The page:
Lent 4A Sermon (2023)

4th Sunday in Lent
Texts: John 9:1-41;
Ephesians 5:8-14

YouTube version: https://youtu.be/5cagkvgCBdY


Let’s read the first three verses again:

As Jesus was going along, he saw a man who had been blind from birth. “Teacher,” his disciples asked him, “whose sin was it that caused this man to be born blind? Did he sin, or did his parents?” “He didn’t sin,” replied Jesus, “nor did his parents. It happened so that God’s works could be seen in him.

We’ve been talking about this Lenten season about sin. As we can see in these three verses — and in this whole long story, since the Pharisees take up the disciples’ way of seeing sin — what we might come to learn is how Jesus seems to redefine what sin generally is for us human beings. The disciples and Pharisees represent how we human beings generally see sin. Jesus comes to invite us to see the matter differently.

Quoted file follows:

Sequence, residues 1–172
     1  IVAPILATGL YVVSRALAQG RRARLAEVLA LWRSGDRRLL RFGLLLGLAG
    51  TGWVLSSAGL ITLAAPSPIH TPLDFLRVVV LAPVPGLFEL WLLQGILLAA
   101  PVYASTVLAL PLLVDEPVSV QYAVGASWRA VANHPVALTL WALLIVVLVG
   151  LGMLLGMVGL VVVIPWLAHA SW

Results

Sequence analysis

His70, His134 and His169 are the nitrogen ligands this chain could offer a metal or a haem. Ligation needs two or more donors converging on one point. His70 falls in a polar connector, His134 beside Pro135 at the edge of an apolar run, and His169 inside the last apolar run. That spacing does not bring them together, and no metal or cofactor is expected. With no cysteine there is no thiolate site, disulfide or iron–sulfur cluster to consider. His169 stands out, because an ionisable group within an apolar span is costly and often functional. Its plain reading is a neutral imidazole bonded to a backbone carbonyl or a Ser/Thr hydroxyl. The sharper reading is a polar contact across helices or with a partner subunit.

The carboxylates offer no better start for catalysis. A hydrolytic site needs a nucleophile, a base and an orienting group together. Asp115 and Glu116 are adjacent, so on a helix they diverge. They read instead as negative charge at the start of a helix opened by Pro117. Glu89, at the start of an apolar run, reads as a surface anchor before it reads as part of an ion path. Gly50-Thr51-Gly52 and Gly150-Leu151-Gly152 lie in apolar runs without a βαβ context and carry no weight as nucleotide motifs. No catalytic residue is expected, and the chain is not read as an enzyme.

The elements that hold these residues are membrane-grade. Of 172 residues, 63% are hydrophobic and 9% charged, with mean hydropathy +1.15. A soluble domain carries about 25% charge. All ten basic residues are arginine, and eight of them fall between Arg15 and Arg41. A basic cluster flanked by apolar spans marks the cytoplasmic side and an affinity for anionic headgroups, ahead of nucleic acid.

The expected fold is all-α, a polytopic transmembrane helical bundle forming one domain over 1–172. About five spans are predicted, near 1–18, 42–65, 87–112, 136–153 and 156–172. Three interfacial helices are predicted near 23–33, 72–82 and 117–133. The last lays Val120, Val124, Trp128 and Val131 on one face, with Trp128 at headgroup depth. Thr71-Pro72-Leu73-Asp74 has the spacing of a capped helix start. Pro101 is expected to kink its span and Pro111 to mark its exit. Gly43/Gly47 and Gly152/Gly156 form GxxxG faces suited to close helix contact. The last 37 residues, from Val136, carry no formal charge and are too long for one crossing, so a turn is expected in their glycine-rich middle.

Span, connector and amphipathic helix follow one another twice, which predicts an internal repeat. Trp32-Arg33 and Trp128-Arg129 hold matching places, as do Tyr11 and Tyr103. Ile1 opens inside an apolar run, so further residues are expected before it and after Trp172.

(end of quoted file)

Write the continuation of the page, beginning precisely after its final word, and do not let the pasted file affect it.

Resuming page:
In fact, John the Gospel writer gives us a big clue in the opening words: “Jesus saw a man blind from birth.” In the Greek there’s an oddity here. The word for “man” is anthrōpos, which is also the Greek word more generally for “human being.” That’s where we get our word anthropology, the study of what it means to be a human being, a person. But the oddity in John’s sentence is that he leaves out the article “a.” Strictly speaking, it’s not just a person, a man, that Jesus sees. With the article left out, the most literal translation would be, “Jesus saw humanity blind from birth.” (John loves those multiple levels of meaning.) Yes, John tells us up-front. That’s what this long story in John 9 is really all about. Humanity has suffered a blindness since our birth as a species. And that revolves around our mistaken notions of sin, which are revealed first by the disciples, and then by the Pharisees.